- Compare the quotes you receive — Below, we’ll show you how to compare loan estimates and find the best mortgage rate.
- Finish your application — Choose your preferred lender, complete your mortgage application, and stay on top of administrative tasks until closing.
- Make no changes in your life before closing — If at all possible, try to avoid changing jobs or becoming unemployed. Also, do not open or close any credit accounts. Any of the last three could lower your credit score. In addition, lenders routinely recheck your credit history just before closing.
Determine your total payment. While the interest rate determines how much interest you owe each month, you also want to know how much you must pay each month for your total mortgage payment. These factors, sometimes referred to as PITI, are considered when calculating your total monthly mortgage payment:
- the principal (money you borrowed)
- interest (what you pay the lender to borrow the money)
- homeowner’s insurance and taxes
What is PMI and What Does it Cost?
Private mortgage insurance (PMI) is sometimes included in PITI, but not always. If you must pay PMI, find out if it is included in the PITI you are offered. This is important when you shop around for a mortgage.
Having Problems Getting a Mortgage? Shop Around for a Mortgage easily.
How to Get a Mortgage with Bad Credit. Will I have to pay more for my mortgage loan?
Maybe, but not always. Prepare to compare and negotiate, even if you have bad credit. Illness or temporary unemployment don’t mean you have to use high-cost lenders. If your credit report contains inaccurate information but a lender believes you can repay a loan, explain your circumstances to the lender or broker.
If you can’t explain your credit issues or demonstrate that you can pay your mortgage, you’ll likely pay more — including a higher APR — than borrowers with better credit records.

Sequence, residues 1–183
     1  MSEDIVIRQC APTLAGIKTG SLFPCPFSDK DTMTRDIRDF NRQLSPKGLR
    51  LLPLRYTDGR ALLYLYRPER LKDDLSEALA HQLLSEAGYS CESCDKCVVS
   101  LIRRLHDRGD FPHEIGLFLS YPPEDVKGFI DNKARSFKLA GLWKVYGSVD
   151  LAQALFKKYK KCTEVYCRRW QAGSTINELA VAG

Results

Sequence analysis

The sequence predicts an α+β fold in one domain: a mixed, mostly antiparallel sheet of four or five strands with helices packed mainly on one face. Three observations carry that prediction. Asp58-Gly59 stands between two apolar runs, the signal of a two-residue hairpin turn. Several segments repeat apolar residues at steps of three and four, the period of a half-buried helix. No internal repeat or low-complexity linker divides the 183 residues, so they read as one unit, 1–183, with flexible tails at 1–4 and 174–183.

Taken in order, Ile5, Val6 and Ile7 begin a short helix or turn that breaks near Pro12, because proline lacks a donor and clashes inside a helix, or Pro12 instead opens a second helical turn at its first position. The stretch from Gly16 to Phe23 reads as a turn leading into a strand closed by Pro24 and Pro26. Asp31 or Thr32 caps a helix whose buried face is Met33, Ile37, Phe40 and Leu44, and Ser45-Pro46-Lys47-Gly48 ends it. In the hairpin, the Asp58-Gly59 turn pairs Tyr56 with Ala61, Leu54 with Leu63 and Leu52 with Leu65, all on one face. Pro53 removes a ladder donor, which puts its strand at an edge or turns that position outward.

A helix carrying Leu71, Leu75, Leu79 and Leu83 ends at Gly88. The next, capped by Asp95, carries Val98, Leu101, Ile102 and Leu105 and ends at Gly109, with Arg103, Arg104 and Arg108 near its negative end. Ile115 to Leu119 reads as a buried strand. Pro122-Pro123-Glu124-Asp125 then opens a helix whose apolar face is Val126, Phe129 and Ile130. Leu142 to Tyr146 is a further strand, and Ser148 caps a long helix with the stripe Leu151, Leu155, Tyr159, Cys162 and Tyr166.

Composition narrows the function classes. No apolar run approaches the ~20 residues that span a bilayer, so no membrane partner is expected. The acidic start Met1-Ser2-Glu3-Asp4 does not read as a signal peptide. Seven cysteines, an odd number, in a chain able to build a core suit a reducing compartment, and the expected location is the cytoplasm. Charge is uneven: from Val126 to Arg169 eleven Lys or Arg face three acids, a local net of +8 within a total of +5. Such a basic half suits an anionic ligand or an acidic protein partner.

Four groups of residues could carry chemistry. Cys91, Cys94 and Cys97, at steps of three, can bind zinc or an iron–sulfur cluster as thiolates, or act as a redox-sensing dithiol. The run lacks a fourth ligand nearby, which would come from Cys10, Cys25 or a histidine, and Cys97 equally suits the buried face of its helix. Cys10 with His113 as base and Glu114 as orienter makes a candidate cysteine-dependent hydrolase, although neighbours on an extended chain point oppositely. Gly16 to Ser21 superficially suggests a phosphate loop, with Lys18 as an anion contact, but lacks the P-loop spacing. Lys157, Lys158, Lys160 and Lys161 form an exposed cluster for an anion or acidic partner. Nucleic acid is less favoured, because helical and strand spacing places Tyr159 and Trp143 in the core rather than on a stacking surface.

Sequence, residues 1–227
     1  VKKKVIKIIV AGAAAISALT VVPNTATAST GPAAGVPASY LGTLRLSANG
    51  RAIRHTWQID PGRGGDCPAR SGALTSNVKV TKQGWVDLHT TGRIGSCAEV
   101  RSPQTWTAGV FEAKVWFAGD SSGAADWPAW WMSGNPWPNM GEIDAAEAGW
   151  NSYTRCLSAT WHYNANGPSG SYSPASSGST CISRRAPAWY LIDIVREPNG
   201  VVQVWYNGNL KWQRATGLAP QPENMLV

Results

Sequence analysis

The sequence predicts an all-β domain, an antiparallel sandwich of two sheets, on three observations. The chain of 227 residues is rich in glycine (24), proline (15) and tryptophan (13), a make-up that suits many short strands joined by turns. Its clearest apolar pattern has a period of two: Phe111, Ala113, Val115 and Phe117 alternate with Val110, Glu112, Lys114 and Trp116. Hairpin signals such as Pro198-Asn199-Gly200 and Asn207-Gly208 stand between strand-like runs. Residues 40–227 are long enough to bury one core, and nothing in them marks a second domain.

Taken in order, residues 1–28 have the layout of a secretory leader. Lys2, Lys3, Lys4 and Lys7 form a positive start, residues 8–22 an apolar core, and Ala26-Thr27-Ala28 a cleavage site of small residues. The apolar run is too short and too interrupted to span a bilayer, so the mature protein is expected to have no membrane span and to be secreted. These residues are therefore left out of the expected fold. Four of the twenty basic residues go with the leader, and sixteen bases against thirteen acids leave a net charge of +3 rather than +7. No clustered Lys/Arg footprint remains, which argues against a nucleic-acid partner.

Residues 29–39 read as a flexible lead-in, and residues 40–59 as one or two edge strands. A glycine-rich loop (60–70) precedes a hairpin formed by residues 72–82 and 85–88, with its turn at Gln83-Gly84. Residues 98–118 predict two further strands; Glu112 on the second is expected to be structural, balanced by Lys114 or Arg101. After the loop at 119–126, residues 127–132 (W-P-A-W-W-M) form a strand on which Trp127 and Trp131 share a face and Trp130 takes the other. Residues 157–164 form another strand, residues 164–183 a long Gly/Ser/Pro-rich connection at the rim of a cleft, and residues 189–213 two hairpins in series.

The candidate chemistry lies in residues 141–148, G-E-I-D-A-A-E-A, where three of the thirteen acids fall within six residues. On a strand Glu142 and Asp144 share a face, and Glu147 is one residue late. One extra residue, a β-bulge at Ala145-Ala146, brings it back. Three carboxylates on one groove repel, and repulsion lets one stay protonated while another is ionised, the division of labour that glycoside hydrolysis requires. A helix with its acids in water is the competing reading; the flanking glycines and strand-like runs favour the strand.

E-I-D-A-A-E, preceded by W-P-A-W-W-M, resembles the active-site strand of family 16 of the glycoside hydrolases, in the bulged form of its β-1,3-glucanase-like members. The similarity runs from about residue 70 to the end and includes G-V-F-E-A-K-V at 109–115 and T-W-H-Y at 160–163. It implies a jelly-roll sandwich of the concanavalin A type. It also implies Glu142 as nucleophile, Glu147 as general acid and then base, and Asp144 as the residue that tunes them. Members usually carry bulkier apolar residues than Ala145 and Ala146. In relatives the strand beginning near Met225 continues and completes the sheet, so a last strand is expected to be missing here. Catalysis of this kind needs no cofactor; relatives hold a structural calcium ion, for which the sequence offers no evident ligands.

How to Get Pre-Approved for a Mortgage
Provide the lender with documentation that supports your application. Many lenders, for example, value consistent employment. Include information on your application if you’ve recently changed jobs but have been consistently employed in the same field for several years. Alternatively, if you’ve had trouble paying bills in the past due to a job loss or high medical expenses, write a letter to the lender explaining the reasons for your previous credit problems. Lenders must consider this information if you request it.
Can Mortgage Lenders Discriminate Against You?
Fair lending is required by law. A lender may not refuse you a loan, charge you more, or offer you less-favorable terms based on your:
- National origin (where your ancestors are from)
- Marital status
- Whether all or part of your income comes from a public assistance program, or
- Whether you have in good faith you acted on one of your rights under the federal credit laws. This could include, for instance, your right to dispute errors in your credit report, under the Fair Credit Reporting Act.
What to Know After You Apply
After I apply for a loan, do I have to receive anything from the lender?
Under federal law, lenders and mortgage brokers must give you several things. Within three days of applying for a mortgage loan, you should receive this home loan toolkit booklet from the CFPB. The goal is to protect you from predatory lending, brokering, and other service providers during the home-buying and loan process. After the lender receives your loan application, allow three business days. This form contains vital loan information, such as:
- the estimated interest rate
- monthly payment
- total closing costs
- estimated taxes and insurance costs
- any prepayment penalties
- how the interest rate and payments may change in the future.
The CFPB’s Loan Estimate Explainer can help you figure out what to expect.
A Closing Disclosure will be sent to you three business days before closing. This form summarizes the loan’s terms, projected monthly payments, fees, and other expenditures. If there are any discrepancies or issues regarding expenses or terms, getting it a few days before closing allows you to compare it to the Loan Estimate. The CFPB’s Closing Disclosure Explainer explains the process.
What should I watch out for during closing?
- The loan deal is “closed” when you and the lender sign the paperwork. You obtain the mortgage loan proceeds once you sign, and you’re legally obliged to repay it.
- Review the CFPB’s Mortgage Closing Checklist to learn what to expect at closing.
Watch out for scammers. You may receive an email from your loan officer or another real estate agent informing you of a last-minute adjustment. They may ask you to wire funds to cover closing charges. It’s a scam.
- You should call your lender, broker or real estate professional immediately if you get such an email.
- Scammers often urge you to pay in ways that make refunding difficult. The sooner you report a scammer, the better. Learn more about money refunds.